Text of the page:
With 99% of consumer goods manufacturers planning to sell directly to consumers, according to Salesforce research, many built off the awareness and demand from this manufactured holiday to forge direct relationships with consumers. For direct-to-consumer beauty brands, the goal was to compete with the likes of Haus. For example, Charlotte Tilbury offered many products at 30% off, and Tarte had a July 15-only $10 sale.

Of course, consumer technology has always been a big Prime Day focus for Amazon, and competitors came up with their own tech deals to compete. For example, Walmart’s Google Week was a sale on Google Home products from July 9 to July 17.

Beyond tech, other categories benefitted from the Prime Day boost. Across non-Amazon ecommerce sites, active apparel and footwear tracked the most YoY revenue boost from Prime Day. It’s critical for brands to maintain marketshare as Amazon continues to establish itself as a leader with private label merchandise in these categories.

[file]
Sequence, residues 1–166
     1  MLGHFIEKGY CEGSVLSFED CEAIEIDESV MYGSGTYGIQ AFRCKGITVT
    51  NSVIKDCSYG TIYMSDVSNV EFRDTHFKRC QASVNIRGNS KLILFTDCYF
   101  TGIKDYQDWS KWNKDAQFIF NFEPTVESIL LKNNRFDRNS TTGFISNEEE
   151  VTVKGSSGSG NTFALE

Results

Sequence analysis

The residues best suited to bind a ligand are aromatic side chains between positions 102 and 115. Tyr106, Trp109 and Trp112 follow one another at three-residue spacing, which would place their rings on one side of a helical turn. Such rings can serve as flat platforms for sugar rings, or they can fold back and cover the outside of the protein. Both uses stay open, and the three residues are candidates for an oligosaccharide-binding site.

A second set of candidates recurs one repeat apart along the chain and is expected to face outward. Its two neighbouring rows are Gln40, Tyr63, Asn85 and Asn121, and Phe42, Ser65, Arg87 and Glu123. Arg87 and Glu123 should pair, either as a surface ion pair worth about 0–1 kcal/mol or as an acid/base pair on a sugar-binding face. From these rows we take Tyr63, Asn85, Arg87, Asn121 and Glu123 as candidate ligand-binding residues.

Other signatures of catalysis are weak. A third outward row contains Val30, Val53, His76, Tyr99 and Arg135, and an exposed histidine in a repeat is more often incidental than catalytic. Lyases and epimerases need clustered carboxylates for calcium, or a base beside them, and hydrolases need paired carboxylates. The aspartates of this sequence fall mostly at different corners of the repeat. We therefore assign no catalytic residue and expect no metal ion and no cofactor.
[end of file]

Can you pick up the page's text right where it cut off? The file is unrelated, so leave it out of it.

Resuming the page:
Graphic that states footwear saw the greatest revenue growth on Prime Day

4. Emails and homepage promotions capitalized on the Prime Day noise

The marketing noise around Prime Day was deafening. From our Marketing Cloud platform, we observed that on the first day of Prime Day, retailers sent 24% more emails compared to the same day from the prior week. Many retailers also created their own sales holidays, like Target’s Deal Days or Walmart’s Big Save event, to take advantage of the heightened consumer appetite for shopping through their own properties.

Proprietary email marketing and ecommerce homepage research from Salesforce found that just over half (51%) of retailers joined the Prime Day party through some type of promotion. In particular, we discovered:

  • 51% of retailers in Internet Retailer’s (IR) 2019 Top 500 advertised a sale between July 13 – 19, whether in their email marketing or on their ecommerce homepage.